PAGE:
TRF Review

TRF Review

In coming issues we’ll look at all aspects of skills and knowledge that will make you a better, safer trail rider. Our guest specialist on riding techniques will be Jason Pearce of Tricks in the Sticks who specialises in trials and enduro training. As a taster of what’s to come here we join two Sussex TRF members for a day with Jason as they learn some fundamental techniques

Jason starts the day riding up a field one handed, tapping his left then right leg as he swaps his weighting on the footpegs of his trials bike. As he does so the bike sweeps accordingly left and right. There’s no input through the handlebars. It’s a simple demonstration, but equally a powerful one – a reminder that you don’t just steer your bike through the handlebars, it’s with your whole body, too, and importantly through that connection of foot to footpeg.

It’s also a building block, probably one of the first lessons you should learn, and upon which you’ll develop more advanced techniques. And it brings us back to remembering there are laws of physics that help us when trail riding, we just need to remember to apply them.

This Jason demonstrates in his next two lessons – turning super-tight circles and skid-stops. In both, weight placement through the footpegs is key. With the correct body positioning and footpeg weighting it’s amazing how low and tight a bike can be turned. Equally, by consciously varying weight placement you can control skids, again guiding the bike left or right – something that’s worth practising, so you can apply the skills in that moment of crisis.

TRF Skills: Trials in Trainig

Practising on a trials bike is a great way to learn the technique – smaller, lighter and less speedy, it’s easier to apply the techniques, the feedback is very direct and the spills are smaller, less painful. And everything you learn you’ll find you automatically upscale to your trail bike. “An enduro or trail bike is just a big trials bike,” says Jason. “The techniques are virtually the same. Once you’ve learnt them on the trials bike you transfer them to the trail bike and you can then be riding a trail bike very well in just a couple of hours by just having those base skills to start off with.

”Jason’s two students on this day are Gray Robinson and Rich Newton from Sussex TRF. Both are experienced riders with serious bikes – Gray a Husky FE501 and Rich a KTM 525EXC – but both agree they’ve learned so much through this training, which is in fact their second session with Jason.

“The lessons we’ve learned have already made me a better trail rider,” says Rich. “I’ve started employing some of the techniques and it’s making me think more about what I’m doing; anybody can get on a bike and ride it, but if you want to ride it well and safely then training is worth having. I went to Wales after the last session and I felt a lot more confident. I wasn’t scared of anything, whereas if I had gone prior to the training I’d have been really nervous.”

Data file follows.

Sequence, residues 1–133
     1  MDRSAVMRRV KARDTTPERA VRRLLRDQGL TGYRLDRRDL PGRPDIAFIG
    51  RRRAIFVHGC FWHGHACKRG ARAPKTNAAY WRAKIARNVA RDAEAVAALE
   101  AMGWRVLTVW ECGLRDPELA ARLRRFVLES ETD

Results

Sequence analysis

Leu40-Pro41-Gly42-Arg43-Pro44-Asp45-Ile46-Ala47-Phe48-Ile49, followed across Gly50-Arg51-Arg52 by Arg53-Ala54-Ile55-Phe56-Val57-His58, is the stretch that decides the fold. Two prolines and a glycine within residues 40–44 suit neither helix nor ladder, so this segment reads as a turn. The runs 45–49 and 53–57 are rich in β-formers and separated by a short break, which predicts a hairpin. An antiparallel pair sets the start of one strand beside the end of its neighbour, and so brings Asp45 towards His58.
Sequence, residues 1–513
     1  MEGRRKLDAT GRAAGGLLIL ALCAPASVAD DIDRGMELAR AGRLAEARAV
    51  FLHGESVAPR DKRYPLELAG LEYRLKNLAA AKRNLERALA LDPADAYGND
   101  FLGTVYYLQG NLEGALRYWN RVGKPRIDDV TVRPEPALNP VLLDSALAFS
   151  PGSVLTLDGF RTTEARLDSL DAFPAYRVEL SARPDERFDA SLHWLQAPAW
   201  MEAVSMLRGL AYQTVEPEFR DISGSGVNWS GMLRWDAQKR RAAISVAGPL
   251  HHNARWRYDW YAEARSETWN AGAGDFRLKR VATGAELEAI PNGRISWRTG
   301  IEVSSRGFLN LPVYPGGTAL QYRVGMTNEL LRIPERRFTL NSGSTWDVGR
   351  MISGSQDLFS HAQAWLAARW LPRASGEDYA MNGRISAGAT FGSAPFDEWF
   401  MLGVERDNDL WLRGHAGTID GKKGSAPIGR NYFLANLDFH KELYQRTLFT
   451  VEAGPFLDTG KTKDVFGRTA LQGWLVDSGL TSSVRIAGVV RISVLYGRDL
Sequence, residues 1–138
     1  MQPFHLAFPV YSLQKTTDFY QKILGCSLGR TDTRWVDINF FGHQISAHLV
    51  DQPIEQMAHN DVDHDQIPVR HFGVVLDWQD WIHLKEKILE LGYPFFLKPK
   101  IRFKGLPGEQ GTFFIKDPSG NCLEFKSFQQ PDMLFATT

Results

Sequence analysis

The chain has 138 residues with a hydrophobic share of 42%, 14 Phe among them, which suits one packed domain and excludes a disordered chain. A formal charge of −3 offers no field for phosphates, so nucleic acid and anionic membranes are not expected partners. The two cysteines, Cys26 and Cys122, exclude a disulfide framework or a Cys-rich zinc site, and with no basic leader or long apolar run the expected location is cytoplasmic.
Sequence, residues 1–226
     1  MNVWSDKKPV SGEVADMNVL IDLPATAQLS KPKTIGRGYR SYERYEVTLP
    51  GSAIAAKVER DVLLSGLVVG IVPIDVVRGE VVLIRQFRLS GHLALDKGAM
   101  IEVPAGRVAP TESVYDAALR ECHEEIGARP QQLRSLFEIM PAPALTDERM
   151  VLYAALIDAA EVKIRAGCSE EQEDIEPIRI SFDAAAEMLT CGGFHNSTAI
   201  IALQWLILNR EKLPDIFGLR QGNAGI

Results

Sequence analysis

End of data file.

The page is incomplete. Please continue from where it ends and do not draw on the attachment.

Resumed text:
Jason moves his students on to riding cambers. He’s not picked an easy camber either, a steep bank with roots crossing it – worthy of any trials competition. Here Jason coaches Rich and Gray into traversing, then making 180degree turns across the camber. The turns require an almost 100% shift in footpeg weighting while balanced on the edge of the tyre and simultaneously turning the handlebars to full lock – on what looks like a 45degree slope. It’s scary stuff and both Rich and Gray take some tumbles. Rich can’t get his weight shift timing right and consequently his bike doesn’t turn at all, but Gray gives it total commitment and carries off the turns in style. Again, we’re relearning basic physics here, basic maybe, but not easy to embrace.

The day ends with log crossings. Curiously, Rich’s timing is spot on and he’s riding over a sizeable fallen tree with ease. It’s Gray’s turn to struggle but he gets there eventually. He’s working well – he’s breaking down the process: compressing the forks, accelerating, kissing the log with the front wheel, centring and rolling the throttle on the downside. He’s got it, it’s just the milli-second timing of each part that he needs to perfect.

“I’ve come here to improve my trail skills,” says Gray. “It’s a lot easier on these bikes to learn and build up the slow-technical skills, which is what we need really – especially things like how to deal with ruts and and fallen logs and what have you on the trails. I’m going to be doing a lot of TET next year so I want my skills to be a lot better. I think that with increased understanding and practice you gain confidence and it makes you a more competent, safer rider.”

So in coming issues, with Jason, we’ll look at trail obstacles that we could all do to tackle more confidently. Ruts, cambers, roots, hills, rocks and more!

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